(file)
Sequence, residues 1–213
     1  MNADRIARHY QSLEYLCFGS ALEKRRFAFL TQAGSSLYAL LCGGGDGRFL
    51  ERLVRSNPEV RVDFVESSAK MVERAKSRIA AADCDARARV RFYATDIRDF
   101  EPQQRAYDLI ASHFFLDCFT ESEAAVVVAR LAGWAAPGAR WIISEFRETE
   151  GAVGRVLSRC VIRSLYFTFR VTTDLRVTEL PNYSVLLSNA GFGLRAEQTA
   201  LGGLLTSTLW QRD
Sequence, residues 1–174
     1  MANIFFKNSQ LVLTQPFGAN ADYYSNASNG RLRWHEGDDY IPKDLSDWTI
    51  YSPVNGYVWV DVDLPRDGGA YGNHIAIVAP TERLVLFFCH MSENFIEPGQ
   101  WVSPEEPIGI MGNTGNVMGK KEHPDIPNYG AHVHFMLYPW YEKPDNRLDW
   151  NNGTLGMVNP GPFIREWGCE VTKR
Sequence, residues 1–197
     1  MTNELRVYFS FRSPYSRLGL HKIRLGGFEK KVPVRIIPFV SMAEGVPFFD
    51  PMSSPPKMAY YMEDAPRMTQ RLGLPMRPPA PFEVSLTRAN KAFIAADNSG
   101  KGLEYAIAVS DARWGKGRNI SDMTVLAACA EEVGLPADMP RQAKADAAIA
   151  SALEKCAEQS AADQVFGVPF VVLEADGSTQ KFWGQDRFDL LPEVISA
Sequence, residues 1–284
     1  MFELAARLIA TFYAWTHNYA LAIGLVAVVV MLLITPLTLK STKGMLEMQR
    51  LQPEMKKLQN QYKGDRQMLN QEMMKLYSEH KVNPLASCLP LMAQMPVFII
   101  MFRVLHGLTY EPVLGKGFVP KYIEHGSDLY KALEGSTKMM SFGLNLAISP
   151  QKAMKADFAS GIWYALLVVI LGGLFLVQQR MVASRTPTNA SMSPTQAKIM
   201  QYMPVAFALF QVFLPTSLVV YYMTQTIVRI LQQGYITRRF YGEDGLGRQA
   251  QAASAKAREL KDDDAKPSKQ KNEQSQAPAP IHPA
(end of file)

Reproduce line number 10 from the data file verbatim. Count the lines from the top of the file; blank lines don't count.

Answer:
   101  WVSPEEPIGI MGNTGNVMGK KEHPDIPNYG AHVHFMLYPW YEKPDNRLDW